It's Time to Talk About Farmer Mental Health

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Farming can be a challenging profession, filled with unknowns. Add to that limited access to health care in rural areas and stigmas around mental illness, and it’s no surprise that farmers struggle with depression, anxiety and substance abuse disorders.

According to a 2019 rural stress poll by the American Farm Bureau Federation (AFBF), the majority of farmers and farm workers feel their mental health is impacted by financial issues, farm or business problems, and fear of losing the farm. COVID-19 has further exacerbated these stresses, with two out of three farmers saying the pandemic has impacted their mental health, according to a report from the AFBF. 

But there’s always hope. By learning about the risks and warning signs, farmers can take proactive steps toward improving their mental health. Below, you’ll find insights on why farmers are at risk, common mental health illnesses for farmers, tips for boosting farmers’ mental health, and resources for farmers who may need help. 

Why are farmers susceptible to mental health issues?

Farms serve as both the bread basket and backbone of America. The country depends on farmers and farm workers to fill our plates and cups with fruits, vegetables, nuts, grains, proteins, and dairy products. And, while farming is a critically important profession, it’s not an industry for the faint of heart. The terms “farm stress” and “farmer stress” are frequently used to refer to the many challenges that farmers face., Organizations like University of Maryland Extension and even the American Psychological Association have dedicated resources to address these stresses. 

Farmers are often at the mercy of weather, crop disease, insects, fluctuating market prices, loan rates, and trade and tariff policies. According to the National Farmers Union's Farm Crisis Center, recent years have been especially challenging financially: between 2013 and 2016, net farm income decreased 50 percent, and it’s remained low since. The stresses from COVID-19, including limitations in the supply chain, restaurant closures, market unpredictability, challenges with paying workers, and safety issues have added even more strains to farmers’ already stressful lives.

And then there are the challenges of accessing treatment. When it comes to mental illness, rural residents agree that they face a number of obstacles to seeking help, according to the American Farm Bureau’s 2019 rural stress poll. Those include cost, embarrassment, and stigma. While 91 percent of those polled said that mental health is important to them or their family, three out of four also said that it’s important to reduce stigma around mental illness.

What are common farmer mental health issues? 

Farm stress can cause mental distress and contribute to a number of mental illnesses. Depression, anxiety, and substance abuse disorders are some of the common challenges farmers face. It’s important to note that signs and symptoms of distress can take many different forms for farmers, and may look different than they might manifest in a city or suburb.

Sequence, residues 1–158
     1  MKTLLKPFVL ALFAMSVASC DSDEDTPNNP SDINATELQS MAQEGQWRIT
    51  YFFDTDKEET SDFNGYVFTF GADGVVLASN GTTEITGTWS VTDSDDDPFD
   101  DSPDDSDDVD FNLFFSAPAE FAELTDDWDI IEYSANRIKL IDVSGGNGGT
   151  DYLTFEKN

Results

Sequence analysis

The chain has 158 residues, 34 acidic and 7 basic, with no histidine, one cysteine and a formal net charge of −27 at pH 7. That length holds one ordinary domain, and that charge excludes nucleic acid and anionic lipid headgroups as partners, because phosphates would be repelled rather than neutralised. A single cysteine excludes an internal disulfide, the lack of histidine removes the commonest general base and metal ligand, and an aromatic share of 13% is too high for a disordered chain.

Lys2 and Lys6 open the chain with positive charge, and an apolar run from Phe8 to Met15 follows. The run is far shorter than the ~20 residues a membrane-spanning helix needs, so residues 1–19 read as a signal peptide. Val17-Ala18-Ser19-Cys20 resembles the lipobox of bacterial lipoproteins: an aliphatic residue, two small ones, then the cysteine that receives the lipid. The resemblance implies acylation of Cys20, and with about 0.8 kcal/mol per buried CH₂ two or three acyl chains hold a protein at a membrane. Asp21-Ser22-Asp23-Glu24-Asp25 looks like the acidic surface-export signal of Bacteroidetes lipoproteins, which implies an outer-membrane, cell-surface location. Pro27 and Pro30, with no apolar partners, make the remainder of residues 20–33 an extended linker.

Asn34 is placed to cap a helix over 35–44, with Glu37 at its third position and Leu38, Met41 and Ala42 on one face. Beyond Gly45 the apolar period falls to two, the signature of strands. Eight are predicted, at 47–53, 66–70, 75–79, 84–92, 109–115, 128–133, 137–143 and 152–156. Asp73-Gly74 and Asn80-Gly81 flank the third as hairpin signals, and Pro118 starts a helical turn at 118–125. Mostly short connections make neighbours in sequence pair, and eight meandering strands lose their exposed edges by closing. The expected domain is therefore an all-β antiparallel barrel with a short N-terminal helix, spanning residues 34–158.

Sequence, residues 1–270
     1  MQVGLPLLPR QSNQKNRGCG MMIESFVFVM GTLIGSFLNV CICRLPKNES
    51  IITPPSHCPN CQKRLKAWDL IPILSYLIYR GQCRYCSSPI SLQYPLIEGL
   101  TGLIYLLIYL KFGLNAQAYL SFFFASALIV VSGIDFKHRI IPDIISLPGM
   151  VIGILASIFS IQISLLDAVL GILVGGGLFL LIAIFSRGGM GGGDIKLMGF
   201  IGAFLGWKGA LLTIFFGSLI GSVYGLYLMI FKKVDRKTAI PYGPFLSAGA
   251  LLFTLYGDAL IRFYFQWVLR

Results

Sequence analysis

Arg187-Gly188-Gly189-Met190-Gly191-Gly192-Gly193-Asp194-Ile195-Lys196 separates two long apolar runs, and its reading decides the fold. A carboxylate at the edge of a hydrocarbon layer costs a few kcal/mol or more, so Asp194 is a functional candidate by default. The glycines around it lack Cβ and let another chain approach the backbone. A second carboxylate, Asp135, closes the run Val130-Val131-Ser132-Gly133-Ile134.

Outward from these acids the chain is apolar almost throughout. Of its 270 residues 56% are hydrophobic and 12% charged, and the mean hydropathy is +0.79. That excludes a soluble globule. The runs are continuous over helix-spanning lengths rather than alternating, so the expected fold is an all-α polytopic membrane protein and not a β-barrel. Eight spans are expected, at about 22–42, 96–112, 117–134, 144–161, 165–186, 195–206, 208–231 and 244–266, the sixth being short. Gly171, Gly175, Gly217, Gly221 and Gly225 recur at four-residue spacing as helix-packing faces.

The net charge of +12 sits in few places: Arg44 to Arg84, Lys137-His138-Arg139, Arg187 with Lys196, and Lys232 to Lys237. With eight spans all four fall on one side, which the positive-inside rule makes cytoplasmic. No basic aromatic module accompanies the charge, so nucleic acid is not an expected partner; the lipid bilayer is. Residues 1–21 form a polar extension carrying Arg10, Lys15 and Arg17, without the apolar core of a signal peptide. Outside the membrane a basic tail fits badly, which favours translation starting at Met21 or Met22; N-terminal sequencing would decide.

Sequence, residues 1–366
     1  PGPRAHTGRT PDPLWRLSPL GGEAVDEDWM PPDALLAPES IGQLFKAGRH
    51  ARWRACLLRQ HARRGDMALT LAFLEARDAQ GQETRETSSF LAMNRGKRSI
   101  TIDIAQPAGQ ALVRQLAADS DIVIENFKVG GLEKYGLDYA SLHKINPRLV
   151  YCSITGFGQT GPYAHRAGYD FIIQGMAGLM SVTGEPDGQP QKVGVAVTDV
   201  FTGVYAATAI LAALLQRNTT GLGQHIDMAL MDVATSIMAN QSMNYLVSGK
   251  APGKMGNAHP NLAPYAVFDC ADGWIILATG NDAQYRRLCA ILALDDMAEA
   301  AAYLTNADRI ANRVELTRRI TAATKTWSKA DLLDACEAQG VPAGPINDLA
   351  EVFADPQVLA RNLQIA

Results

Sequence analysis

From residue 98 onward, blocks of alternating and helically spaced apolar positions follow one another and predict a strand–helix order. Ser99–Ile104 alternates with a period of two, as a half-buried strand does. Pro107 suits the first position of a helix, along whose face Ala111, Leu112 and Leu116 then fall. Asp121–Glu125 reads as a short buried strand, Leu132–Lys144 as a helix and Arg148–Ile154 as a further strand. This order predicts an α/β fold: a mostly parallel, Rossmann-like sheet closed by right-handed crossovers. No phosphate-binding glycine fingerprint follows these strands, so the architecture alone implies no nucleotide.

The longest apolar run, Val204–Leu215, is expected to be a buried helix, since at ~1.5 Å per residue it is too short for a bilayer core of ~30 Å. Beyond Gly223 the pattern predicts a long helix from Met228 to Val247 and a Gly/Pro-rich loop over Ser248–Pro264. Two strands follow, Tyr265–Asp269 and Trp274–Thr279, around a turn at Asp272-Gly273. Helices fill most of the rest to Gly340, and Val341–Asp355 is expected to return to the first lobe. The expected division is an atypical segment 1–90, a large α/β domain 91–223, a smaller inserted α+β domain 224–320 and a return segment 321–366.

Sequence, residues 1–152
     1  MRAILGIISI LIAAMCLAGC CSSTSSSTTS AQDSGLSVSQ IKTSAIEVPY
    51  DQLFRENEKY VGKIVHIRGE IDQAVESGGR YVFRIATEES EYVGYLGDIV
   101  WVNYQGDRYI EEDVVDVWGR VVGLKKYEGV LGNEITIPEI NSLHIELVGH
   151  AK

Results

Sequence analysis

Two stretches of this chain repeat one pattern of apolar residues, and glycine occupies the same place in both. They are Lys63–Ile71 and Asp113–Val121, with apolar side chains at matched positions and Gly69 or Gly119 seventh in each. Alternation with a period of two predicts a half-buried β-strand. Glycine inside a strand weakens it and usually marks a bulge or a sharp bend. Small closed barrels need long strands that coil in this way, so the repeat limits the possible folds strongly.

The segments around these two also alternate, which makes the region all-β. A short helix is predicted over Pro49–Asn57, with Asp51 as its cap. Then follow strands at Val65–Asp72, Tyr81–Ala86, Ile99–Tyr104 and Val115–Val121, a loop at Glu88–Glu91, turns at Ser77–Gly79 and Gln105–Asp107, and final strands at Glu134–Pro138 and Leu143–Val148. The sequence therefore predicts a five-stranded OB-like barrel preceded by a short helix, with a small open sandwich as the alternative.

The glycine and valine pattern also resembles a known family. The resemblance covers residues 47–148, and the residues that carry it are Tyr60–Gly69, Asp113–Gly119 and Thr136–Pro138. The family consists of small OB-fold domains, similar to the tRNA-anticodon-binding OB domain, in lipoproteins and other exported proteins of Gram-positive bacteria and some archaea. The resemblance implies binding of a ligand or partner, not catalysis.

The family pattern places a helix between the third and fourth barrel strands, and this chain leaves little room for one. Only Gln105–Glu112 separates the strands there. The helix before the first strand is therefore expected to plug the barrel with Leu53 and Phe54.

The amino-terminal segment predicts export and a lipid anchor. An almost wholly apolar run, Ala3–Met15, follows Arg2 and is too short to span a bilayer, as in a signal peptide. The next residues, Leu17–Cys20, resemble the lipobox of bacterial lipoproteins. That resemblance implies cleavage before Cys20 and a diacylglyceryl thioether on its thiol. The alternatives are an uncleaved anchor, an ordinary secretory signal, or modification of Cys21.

If you notice signs of disrepair on the farm, an increase in accidents or illnesses among farmers and farm workers or absence from normal routines, such as attending church, it could be a sign that someone is suffering. Read on to learn about more signs and symptoms for common mental illnesses, and how to identify and address these issues.  

1. Depression

Depression can manifest in different ways, depending on the person. It’s important to note that depression is more than just feeling sad for a day or two. Rather, it’s a lingering and disruptive sadness that lasts for at least two weeks.

What are some symptoms of farmer depression?

If you, a loved one, or a colleague seem to be off, depression may be at play. Here are some of the symptoms to look out for: 

  • A lasting mood that feels sad, empty, or anxious
  • A sense of hopelessness or pessimism
  • Irritability
  • Feeling helpless, worthless or guilty
  • A loss of interest or pleasure in hobbies and activities
  • Fatigue or decreased energy
  • Moving or talking more slowly
  • Restlessness
  • Having trouble remembering, concentrating or making decisions
  • Changes in sleep pattern, including over sleeping, waking early or having trouble sleeping
  • Changes in appetite or weight
  • Thinking about death or suicide; attempting suicide
  • Physical changes that don’t ease and without an apparent cause, such as aches and pains, headaches, cramps, digestive issues

How can you address depression? 

If you or someone you love may be depressed, know that help is out there. Usually, depression is treated with therapy, medication or a combination of the two. In addition, some lifestyle changes can help reduce stress, which could help with depression.

If you are experiencing a mental health crisis, talk to your health care provider. If you’re in crisis, don’t hesitate to call the National Suicide Prevention Lifeline at 1-800-273-TALK (8255) for English or 1-888-628-9454 for Spanish. The Lifeline Crisis Chat or 911 are also safe options.

2. Anxiety 

A little anxiety is normal from time to time. But if you’re experiencing anxiety that is so severe it interferes with your daily life, it could be something called generalized anxiety disorder, or GAD. The National Institute of Mental Health describes GAD as excessive anxiety or worry that someone experiences nearly every day for at least six months around their health, work, and social interactions and/or routines. 

What are the symptoms of generalized anxiety disorder? 

GAD has a number of symptoms, and a person who is suffering could experience any number of those symptoms, which include: 

  • Feeling restless, wound-up, or on-edge
  • Becoming fatigued easily
  • Having difficulty concentrating, or feeling your mind go blank
  • Irritability
  • Muscle tension
  • Struggling to control worrisome feelings